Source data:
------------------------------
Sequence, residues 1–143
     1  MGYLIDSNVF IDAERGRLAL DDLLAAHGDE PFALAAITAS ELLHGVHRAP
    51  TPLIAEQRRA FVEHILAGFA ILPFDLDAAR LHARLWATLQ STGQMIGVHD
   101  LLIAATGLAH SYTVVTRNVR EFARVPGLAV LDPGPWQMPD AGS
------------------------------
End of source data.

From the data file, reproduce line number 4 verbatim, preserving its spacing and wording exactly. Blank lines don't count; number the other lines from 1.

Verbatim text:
   101  LLIAATGLAH SYTVVTRNVR EFARVPGLAV LDPGPWQMPD AGS